For me, one of the best parts of traveling or moving somewhere new is the planning process. I spend my time finding bakeries on Google maps and searching for the best overlooked sites. It’s an exciting process, although the further you dig the more overwhelming it seems, and suddenly there’s not enough time to include everything on your list (there are always more bakeries to explore, trust me.) I work as a bookseller here in the Bay Area, and our hefty travel section brings in travelers of all types looking for guidance. We have a lot of guidebooks available, and so the question I’m asked most often is: “What is the difference between all these?” There are dozens of guides per destination, so how do you differentiate between them?
The short answer is that they tend to cover the same ground. There will be differences in the specific content, but choosing one over the other will not significantly alter your trip. All of these books will offer a robust itinerary to hit the major sites on your vacation.
But guidebooks are for highlighting, dog-earing, and tearing out maps. When I speak with people who have recently moved to the Bay Area, who identify not as travelers but as new residents, I like to encourage them to look at other forms of travel literature to learn about their new home. Outside the realm of guidebooks, there are atlases, photography collections, children’s literature, and history books that will capture the spirit of a region better than all the guidebooks combined.
For those new to the Bay Area, or those looking to share a corner of their world here with family or friends living elsewhere, the following is a list of unique guidebooks that bring the bay to life on the page. These books are versatile, too: they serve as an introduction to newcomers, as a reference for temporary travelers, and as mementos for life-long residents.
Infinite City: A San Francisco Atlas by Rebecca Solnit
One of the Bay Area’s best-known writers, the incomparable Rebecca Solnit has reinvented the atlas out of love for her home city. Working with a team of cartographers, artists, and writers, Solnit has crafted an atlas that is a work of art, with twenty-two original and inventive color maps examining San Francisco and its surrounding areas.
Solnit digs into the layers that make up San Francisco, understanding that it’s the “many worlds in one place” that work together, culturally and historically, to create what we understand to be a city. These maps catalog a fascinating range of topics: from film history to coffee economics, from queer spaces to butterfly habitats. You’ll be inspired by the original perspectives in these maps, and maybe even motivated to reassess your viewpoint of other cities you call home.
This Bridge Will Not Be Gray by Dave Eggers and Tucker Nichols
Another well-known local writer, Dave Eggers has often used the area as setting and inspiration for his books. In This Bridge Will Not Be Gray, Eggers and San Francisco artist Tucker Nichols bring to colorful life the history of the world’s most famous, and most orange, bridge.
The combination of Egger’s heartfelt storytelling and Nichol’s vibrant paper cut-out artwork will keep readers of all ages engaged. This playful picture book is an illustrated history lesson of how a bridge once argued over being painted gray (or yellow, or red, or black…) got its famous orange coat. While the winning hue is obvious, it’s the battle over color that keeps readers flipping pages. In the end, Eggers and Tucker not only celebrate a beloved bridge but also cheer for the power of creativity and inspiration.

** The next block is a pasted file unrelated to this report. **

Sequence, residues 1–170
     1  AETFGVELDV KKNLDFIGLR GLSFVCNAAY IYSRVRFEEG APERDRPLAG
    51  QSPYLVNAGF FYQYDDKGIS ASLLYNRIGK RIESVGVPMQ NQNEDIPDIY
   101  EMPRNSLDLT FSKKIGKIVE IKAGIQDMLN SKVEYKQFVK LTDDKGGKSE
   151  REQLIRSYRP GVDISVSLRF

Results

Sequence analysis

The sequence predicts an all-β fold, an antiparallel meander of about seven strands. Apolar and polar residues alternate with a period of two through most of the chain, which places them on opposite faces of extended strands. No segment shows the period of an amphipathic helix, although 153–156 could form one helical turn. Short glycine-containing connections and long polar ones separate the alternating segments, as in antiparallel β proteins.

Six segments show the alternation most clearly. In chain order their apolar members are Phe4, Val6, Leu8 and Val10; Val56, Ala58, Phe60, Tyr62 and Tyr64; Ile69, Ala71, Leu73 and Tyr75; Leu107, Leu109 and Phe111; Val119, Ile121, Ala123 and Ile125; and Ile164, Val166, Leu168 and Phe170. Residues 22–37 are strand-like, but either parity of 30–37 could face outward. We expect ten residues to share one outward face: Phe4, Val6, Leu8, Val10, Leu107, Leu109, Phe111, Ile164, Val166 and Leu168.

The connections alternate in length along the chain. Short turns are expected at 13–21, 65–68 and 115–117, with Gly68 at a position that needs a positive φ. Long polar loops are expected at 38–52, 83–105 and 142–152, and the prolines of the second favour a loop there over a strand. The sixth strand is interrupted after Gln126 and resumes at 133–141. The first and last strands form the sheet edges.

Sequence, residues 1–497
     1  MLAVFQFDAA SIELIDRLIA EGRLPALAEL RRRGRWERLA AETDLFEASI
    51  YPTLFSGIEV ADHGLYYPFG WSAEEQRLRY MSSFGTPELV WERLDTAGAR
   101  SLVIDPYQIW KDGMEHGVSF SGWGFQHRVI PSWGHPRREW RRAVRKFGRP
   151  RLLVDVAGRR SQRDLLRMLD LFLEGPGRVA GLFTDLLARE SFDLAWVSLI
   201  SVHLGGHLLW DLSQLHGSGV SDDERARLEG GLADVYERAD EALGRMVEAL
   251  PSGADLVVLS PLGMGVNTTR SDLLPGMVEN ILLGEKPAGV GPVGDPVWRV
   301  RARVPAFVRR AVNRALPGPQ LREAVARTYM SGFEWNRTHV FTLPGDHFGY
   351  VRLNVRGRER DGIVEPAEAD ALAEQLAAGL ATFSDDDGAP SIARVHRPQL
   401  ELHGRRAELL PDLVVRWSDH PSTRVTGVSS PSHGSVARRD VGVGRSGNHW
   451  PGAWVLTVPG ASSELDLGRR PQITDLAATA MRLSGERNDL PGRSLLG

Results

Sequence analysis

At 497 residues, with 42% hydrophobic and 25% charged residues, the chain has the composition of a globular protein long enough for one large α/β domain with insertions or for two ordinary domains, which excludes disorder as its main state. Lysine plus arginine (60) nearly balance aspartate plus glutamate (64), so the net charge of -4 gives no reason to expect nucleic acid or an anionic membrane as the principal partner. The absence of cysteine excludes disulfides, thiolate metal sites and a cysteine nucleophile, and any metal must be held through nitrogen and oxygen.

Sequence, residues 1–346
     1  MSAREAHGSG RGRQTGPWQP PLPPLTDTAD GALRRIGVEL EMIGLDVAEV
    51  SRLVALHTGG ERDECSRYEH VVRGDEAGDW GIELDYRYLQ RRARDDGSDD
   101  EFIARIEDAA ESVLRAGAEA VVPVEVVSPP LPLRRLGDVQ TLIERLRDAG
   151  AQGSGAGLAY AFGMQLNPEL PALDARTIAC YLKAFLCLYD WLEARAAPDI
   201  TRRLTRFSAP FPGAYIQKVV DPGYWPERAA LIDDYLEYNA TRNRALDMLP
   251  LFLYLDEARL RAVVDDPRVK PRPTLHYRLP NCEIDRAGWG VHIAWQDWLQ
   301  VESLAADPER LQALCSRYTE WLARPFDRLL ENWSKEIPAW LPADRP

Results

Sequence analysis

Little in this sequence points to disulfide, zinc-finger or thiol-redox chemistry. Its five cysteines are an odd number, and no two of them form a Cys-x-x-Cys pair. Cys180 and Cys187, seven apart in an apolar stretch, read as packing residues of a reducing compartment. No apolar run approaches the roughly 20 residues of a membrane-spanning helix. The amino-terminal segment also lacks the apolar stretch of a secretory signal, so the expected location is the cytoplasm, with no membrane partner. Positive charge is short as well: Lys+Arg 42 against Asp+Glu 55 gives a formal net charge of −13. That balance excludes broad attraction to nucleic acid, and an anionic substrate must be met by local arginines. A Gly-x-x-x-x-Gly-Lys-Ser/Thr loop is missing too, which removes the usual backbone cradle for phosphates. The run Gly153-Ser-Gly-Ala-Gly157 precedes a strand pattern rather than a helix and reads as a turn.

The Mission by Dick Evans
Some of the best city-tours I have done while traveling have been focused on the street art that defines a city. In San Francisco’s Mission district, public art is the storyteller of history. The street art is loud and colorful, an unmissable and integral character trait of the vibrant neighborhood.
Local and worldwide photographer Dick Evans turns his lens on the Mission in his new collection. Meshing photography with the poetry and quotes shared by residents of the Mission, Evans captures the multi-layered spirit of the neighborhood known for its rich Latin American culture. This collection also shows how the artists of the Mission have responded to the evolution of the neighborhood, with works of art that engage and challenge the recent and escalating gentrification. Like the neighborhood itself, this collection is a testament to the integral role art plays in recording history.
Cool Gray City of Love: 49 Views of San Francisco by Gary Kamiya
As the tip of the peninsula, San Francisco has no shortage of stunning views, waterfront and mountainside. I’ve made my way to the top of Coit Tower and across the bay to Marin Headlands, but there are over forty more exciting and original recommendations in Kamiya’s ode to the foggy city.
This is travel writing at its best, a complete nosedive into the soul of a city, sharing both landmark sites and hidden gems of a city that Kamiya loves and calls home. This was the very first book I received as a gift when moving to the Bay Area last year and I would recommend no other to explore the city. It’s an immersive journey, both personal and historical, and a necessary read for both newcomers and lifelong locals.
There are a lot more books set in and around the Bay, here are more recommendations.
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All of these guidebooks, as varied as they are, will inspire your sense of wonder for the Bay Area. But, as all great travel literature should, they will hopefully also inspire your sense of place, and allow you to see the world in a different way.
These are our 6 favorite hikes in the Bay Area. Each is very different but they are all between San Francisco and Santa Cruz.